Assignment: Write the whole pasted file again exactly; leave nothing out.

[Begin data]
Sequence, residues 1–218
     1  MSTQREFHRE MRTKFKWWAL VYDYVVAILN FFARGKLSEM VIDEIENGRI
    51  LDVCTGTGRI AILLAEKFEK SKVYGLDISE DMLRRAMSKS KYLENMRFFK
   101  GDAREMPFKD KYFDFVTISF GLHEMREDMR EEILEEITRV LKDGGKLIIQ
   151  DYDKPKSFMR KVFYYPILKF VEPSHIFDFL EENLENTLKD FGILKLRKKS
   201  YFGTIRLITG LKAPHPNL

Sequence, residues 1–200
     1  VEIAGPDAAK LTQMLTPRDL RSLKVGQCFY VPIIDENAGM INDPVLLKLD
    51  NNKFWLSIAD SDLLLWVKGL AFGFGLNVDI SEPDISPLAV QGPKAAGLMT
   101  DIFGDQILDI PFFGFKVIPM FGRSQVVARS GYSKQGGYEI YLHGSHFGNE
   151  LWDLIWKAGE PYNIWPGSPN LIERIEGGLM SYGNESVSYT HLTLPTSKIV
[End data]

Sequence, residues 1–218
     1  MSTQREFHRE MRTKFKWWAL VYDYVVAILN FFARGKLSEM VIDEIENGRI
    51  LDVCTGTGRI AILLAEKFEK SKVYGLDISE DMLRRAMSKS KYLENMRFFK
   101  GDAREMPFKD KYFDFVTISF GLHEMREDMR EEILEEITRV LKDGGKLIIQ
   151  DYDKPKSFMR KVFYYPILKF VEPSHIFDFL EENLENTLKD FGILKLRKKS
   201  YFGTIRLITG LKAPHPNL

Sequence, residues 1–200
     1  VEIAGPDAAK LTQMLTPRDL RSLKVGQCFY VPIIDENAGM INDPVLLKLD
    51  NNKFWLSIAD SDLLLWVKGL AFGFGLNVDI SEPDISPLAV QGPKAAGLMT
   101  DIFGDQILDI PFFGFKVIPM FGRSQVVARS GYSKQGGYEI YLHGSHFGNE
   151  LWDLIWKAGE PYNIWPGSPN LIERIEGGLM SYGNESVSYT HLTLPTSKIV